In cross-sectional studies of SOS patients it was shown that independent of age and gender, sick leave was twice as high and disability pensions twice as frequent as in the general Swedish population (32-34). The annual extra indirect costs (sick leave plus disability pension) attributable to obesity were estimated to be 6 billion SEK, or 1 million US dollars per 10000 inhabitants per year.
The number of lost days due to sick leave and disability pension the year before inclusion into the SOS intervention was almost identical in the surgically treated group and the obese control group (104 and 107 days, respectively, Figure 35.13) (35). The year after inclusion the number of lost days were higher in the surgically treated group but over years 2 to 4 after inclusion the lost days were lower in the surgically treated group (figure 35.13). This was particularly evident in those individuals above median age (46.7 years) (not shown) (35).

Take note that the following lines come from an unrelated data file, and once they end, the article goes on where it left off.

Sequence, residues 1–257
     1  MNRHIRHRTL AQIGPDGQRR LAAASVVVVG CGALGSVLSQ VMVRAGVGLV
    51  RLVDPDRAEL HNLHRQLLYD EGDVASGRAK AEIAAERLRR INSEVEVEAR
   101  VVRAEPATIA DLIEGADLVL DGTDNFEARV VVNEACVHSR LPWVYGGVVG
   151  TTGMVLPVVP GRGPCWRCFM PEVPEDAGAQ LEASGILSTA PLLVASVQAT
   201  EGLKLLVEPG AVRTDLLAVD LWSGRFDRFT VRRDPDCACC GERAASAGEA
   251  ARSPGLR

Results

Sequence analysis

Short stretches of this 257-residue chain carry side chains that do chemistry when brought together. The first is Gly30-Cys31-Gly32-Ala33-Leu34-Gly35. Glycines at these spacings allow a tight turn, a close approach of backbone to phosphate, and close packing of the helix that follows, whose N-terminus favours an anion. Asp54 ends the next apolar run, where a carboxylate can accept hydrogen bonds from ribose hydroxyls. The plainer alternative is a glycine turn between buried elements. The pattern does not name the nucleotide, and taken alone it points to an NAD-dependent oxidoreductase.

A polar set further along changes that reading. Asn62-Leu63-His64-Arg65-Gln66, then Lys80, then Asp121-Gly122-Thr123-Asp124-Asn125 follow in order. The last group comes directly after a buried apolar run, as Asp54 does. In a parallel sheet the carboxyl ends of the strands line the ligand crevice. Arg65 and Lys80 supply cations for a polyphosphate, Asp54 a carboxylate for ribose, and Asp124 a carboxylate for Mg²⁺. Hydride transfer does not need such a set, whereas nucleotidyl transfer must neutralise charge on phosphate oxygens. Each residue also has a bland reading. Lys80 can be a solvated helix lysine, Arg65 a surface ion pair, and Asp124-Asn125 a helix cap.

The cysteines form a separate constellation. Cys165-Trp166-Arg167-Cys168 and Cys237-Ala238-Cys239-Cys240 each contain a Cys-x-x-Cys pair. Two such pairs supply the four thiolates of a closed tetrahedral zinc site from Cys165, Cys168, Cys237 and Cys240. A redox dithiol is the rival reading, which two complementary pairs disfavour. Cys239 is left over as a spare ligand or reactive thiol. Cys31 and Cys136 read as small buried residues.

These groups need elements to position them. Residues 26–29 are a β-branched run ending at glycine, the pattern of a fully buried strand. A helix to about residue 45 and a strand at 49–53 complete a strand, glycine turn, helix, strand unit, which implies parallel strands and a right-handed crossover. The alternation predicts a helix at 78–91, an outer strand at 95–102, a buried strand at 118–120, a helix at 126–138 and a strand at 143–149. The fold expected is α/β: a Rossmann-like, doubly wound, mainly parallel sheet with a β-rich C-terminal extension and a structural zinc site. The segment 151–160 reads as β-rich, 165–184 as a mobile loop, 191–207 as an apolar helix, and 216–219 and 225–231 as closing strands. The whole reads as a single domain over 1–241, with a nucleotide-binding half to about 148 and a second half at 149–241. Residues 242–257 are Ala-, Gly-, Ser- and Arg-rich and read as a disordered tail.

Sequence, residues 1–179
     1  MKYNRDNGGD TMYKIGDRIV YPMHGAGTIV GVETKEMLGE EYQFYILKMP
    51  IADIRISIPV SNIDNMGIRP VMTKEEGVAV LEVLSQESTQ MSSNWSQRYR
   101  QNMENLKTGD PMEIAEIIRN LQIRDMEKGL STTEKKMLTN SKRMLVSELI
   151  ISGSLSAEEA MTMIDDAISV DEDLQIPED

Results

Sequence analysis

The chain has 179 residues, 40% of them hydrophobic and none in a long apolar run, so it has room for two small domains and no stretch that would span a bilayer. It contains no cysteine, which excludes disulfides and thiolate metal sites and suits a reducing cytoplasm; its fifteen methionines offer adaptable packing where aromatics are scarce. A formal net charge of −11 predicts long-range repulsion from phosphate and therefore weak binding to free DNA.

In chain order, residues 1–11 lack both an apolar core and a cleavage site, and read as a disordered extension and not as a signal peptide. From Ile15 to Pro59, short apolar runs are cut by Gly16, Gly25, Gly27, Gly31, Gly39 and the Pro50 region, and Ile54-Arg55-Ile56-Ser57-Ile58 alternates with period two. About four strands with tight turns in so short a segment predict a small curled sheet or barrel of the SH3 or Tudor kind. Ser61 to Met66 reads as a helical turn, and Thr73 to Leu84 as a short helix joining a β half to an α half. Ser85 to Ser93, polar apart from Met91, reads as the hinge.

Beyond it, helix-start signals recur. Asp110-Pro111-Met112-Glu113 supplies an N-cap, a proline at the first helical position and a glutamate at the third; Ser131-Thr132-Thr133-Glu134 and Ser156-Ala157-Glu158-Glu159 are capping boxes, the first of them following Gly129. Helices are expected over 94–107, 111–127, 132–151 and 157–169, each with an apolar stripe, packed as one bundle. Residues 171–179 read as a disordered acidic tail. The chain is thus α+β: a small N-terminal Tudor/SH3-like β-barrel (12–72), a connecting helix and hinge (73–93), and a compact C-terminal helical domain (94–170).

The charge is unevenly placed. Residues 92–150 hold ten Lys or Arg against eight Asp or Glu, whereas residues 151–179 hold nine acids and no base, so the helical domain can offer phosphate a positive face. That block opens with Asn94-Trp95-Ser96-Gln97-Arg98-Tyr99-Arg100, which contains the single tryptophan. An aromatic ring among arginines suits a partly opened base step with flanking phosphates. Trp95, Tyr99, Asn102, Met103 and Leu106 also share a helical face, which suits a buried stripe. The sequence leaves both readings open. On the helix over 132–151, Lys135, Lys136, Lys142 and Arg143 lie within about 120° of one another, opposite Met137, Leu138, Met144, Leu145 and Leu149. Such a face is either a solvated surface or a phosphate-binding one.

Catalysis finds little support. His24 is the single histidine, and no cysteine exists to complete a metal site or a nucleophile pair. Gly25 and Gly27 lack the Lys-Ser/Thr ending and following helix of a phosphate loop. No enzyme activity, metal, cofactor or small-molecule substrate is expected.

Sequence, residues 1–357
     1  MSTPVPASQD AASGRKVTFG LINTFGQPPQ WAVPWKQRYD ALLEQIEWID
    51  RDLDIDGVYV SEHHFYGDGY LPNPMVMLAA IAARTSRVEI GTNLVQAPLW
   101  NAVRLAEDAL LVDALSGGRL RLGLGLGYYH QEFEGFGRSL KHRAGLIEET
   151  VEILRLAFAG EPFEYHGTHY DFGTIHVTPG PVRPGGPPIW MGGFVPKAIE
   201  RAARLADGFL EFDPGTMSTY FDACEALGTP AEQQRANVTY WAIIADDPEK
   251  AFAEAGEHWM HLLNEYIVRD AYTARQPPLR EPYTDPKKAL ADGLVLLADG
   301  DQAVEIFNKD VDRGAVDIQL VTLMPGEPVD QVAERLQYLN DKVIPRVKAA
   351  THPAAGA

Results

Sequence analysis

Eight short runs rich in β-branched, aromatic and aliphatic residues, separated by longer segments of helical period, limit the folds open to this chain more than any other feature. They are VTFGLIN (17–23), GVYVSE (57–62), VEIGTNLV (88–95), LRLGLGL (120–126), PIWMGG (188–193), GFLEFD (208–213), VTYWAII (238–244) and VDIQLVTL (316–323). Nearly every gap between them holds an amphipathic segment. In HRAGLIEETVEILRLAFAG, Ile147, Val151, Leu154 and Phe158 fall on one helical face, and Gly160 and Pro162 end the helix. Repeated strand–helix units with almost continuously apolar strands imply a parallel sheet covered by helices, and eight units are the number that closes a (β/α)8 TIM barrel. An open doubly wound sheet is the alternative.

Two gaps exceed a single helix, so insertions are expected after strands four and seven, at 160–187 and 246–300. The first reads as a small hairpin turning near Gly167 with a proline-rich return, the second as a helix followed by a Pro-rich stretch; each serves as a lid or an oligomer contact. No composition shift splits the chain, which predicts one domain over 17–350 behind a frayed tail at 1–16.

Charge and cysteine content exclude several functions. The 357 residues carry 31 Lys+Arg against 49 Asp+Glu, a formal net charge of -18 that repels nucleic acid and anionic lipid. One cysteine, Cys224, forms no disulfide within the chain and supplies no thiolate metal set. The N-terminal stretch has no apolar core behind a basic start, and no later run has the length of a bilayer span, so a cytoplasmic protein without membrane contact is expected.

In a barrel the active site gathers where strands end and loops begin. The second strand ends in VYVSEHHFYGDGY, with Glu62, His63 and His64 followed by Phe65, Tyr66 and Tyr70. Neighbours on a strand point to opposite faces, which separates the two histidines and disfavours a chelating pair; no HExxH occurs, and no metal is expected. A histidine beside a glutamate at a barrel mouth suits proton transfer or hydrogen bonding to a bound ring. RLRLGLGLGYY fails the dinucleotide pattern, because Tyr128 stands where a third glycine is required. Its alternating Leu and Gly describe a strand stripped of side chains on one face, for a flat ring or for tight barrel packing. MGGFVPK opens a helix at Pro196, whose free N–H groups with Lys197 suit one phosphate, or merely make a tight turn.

The direct costs attributable to obesity and their changes after weight loss are currently being examined in the SOS study. So far we know that weight loss is associated with decreased costs for medication for diabetes and cardiovascular disease (36).
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